Milestone Film & Video: “This April, we say NO to wars past & present”

War Is Not Healthy

War Is Not Healthy

The online article accompanying Stu Levitan’s 2020 interview with author and filmmaker Gregg Mitchell describes his fascinating book about the making — and unmaking — of a postwar anti-nuclear Hollywood feature film:

War Is Not Healthy“The Beginning or the End was a B movie about the A bomb, released by Metro-Goldwyn-Mayer in February, 1947. It promised to disclose what it called ‘the biggest, best-kept secret in the history of the world – the men, the magic, the machines behind the world’s strongest force – the atom bomb.’ The movie was, the studio declared in all caps with exclamation points ‘FACTUAL! AUTHENTIC!’

Well, not quite. Because a movie set in motion by scientists wanting the world to know the truth was taken over by the military and the White House needing the world to believe a lie. How that happened is the business that occupies Greg Mitchell in The Beginning or the End: How Hollywood – and America – Learned to Stop Worrying and Love the Bomb. It’s not just a great yarn with some surprising participants, it’s also an urgent warning about secrecy, manipulation and suppression.”

Listen now

 

Courtesy Milestone Film & Video


Posted on April 1, 2022
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In Memory of Colin Powell

Poster of the Week from the

Center for the Study

of Political Graphics

 

Gulf Wars Episode II
Arie Kaplan and Scott Sonneborn
Mad Magazine
Offset, 2002
New York, NY
20968

“(Colin Powell) . . . made a career out of being a good soldier and supporting U.S. mass murder around the world, but evading the credit for it.”
—Roberto Lovato, Journalist
“There is no flag large enough to cover the shame of killing innocent people.”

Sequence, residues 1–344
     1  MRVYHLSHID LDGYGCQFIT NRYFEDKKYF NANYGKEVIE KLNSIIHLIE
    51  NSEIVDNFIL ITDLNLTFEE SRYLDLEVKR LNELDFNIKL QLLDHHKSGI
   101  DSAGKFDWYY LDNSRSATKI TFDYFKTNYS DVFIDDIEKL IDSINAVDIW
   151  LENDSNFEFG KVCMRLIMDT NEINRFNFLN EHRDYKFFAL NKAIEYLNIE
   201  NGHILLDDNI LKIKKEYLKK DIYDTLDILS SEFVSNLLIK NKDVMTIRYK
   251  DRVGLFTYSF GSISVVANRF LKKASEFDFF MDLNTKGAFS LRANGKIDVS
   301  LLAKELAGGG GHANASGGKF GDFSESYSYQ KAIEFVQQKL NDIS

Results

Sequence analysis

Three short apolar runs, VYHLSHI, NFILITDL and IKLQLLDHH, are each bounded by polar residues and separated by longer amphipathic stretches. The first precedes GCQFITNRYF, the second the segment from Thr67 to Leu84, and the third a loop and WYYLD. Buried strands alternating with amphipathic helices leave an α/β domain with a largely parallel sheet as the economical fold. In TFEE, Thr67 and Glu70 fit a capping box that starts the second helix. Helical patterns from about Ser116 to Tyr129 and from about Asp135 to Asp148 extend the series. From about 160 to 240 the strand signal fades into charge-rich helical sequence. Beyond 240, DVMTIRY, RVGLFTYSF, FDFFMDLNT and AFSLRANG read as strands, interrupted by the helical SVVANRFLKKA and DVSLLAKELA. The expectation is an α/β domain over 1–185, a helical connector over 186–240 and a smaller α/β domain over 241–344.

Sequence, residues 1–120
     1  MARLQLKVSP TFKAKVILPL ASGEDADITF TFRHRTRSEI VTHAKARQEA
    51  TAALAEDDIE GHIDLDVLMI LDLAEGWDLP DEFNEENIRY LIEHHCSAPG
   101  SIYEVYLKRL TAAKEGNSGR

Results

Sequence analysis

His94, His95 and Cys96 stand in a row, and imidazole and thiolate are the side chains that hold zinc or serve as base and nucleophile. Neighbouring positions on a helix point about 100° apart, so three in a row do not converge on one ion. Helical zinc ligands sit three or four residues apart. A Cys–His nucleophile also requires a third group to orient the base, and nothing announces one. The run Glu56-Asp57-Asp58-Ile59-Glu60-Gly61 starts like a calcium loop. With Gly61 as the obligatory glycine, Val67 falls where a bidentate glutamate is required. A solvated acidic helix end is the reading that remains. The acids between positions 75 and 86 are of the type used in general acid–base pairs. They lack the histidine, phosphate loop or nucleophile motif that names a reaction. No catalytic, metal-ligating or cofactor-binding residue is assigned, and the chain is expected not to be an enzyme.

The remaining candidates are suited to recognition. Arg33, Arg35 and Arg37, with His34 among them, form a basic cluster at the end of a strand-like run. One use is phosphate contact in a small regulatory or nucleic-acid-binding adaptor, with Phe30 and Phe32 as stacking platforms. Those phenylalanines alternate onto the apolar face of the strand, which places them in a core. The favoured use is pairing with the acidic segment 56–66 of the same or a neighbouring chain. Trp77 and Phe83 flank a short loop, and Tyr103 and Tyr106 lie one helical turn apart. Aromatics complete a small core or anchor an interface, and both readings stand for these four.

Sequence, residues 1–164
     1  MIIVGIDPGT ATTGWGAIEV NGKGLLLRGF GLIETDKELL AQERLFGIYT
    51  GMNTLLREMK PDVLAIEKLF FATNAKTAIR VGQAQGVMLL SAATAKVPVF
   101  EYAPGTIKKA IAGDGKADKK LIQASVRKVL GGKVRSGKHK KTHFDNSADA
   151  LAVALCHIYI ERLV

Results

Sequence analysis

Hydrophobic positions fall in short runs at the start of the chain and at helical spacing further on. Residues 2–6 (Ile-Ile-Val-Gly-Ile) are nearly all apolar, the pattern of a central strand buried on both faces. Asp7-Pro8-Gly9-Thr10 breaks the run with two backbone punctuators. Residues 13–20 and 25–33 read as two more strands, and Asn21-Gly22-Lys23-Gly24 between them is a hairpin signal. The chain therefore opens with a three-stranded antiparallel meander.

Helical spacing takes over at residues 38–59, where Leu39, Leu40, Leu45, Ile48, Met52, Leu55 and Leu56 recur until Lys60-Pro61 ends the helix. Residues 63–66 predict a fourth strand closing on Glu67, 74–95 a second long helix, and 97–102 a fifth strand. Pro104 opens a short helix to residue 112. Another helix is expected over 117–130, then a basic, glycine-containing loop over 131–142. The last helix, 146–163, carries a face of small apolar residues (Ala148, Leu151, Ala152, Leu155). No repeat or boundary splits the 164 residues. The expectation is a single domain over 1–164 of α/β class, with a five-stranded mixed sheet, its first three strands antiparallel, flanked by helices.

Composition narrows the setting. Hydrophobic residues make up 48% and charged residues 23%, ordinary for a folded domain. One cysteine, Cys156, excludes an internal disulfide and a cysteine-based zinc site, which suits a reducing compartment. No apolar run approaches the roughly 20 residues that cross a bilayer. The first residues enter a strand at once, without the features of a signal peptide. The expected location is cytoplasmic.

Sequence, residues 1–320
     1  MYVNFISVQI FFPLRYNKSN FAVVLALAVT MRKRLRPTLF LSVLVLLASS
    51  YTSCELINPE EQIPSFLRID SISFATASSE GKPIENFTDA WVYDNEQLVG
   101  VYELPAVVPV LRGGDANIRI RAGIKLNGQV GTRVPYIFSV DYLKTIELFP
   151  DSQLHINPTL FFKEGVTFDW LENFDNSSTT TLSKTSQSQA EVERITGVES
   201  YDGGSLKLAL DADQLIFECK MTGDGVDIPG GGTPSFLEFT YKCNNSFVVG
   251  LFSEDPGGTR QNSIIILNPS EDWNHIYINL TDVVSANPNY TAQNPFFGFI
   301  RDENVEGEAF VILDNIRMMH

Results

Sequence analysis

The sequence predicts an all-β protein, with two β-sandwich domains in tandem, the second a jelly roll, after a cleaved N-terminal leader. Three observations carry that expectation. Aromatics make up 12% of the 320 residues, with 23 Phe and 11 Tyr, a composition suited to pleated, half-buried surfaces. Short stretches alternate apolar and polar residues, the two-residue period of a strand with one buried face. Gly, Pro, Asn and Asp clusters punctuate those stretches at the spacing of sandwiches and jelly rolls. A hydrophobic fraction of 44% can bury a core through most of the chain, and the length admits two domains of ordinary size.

—Howard Zinn, Historian

The many eulogies for Colin Powell that poured out of the corporate media this week overflowed with praise and acclamation, from Democrats and Republicans. Flags have been at half-mast from Monday through today, and his “firsts” have been stated and restated:

  • He was the first Black national security adviser
  • He was the first Black chairman of the Joint Chiefs of Staff
  • He was the first Black secretary of state.
The fact that he represented so many “firsts” sheds as much light on systemic racism as on his accomplishments.

 

In contrast to the adulation, Roberto Lovato, Kenn Orphan, Amy Goodman, and other journalists remind us of Powell’s war crimes which include:

  • Helping to whitewash the massacre of more than 300 unarmed civilians at My Lai during the war against Viet Nam.
  • Promoting and presiding over the 1989 bombing, invasion, and slaughter in Panama.
  • Promoting and presiding over the Gulf War in the 1990s.
  • Giving the green light to Ariel Sharon to attack the Jenin refugee camp in the West Bank in 2002. Human Rights Watch called the high number of civilian casualties a war crime.
  • Lying to the United Nations in 2003, when he promoted the war against Iraq. Iraq never attacked the US and did not have “weapons of mass destruction.”

When will we ever learn?

CSPG’s Poster-of-the-Week is a Mad Magazine spoof of the actual film poster for “Star Wars: Episode II – Attack of the Clones” (2002). It features the whole cast of characters/collaborators listed below, including Colin Powell (lower right).

Star Wars Episode II: Attack of the Clones
Drew Struzman
Offset, 2002
United States

Poster Text:
Coming Soon! The Bush Administration In Association With The Other Bush Administration Presents Gulf Wars Episode II Clone Of The Attack Starring George W. Bush · Condoleezza Rice · Donald Rumsfeld – Reprising Their Roles From Episode I Dick Cheney · Saddam Hussein · Colin Powell · And Introducing Osama Bin Laden As The Phantom Menace · Based On An Idea By George Bush, Sr. Production Designed To Distract You From The Failing Economy Produced By The Military-Industrial Complex In Association With Exxon, Texaco, Mobil, Et Al. Directed By A Desire To Win The November Election The Success Of This Military Action Has Not Yet Been Rated
A Mad Magazine Poster

Posted on October 22, 2021
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Where the ‘Moonwalk’ Came From

Was going through some old videos and came across this gem.

Here’s a little bit of soft shoe from one of my favs, Bob Hope, from “Road to Zanzibar” — Michael Jackson didn’t have anything on this dude.


Posted on October 17, 2021
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Letter From LA: August-September

 Belated Happy New Year and Yom Kippur to my Jewish (and gentile) friends:


Sounding the horn at the Jewish new year service. Engraving with etching by B. Picart, ca. 1733.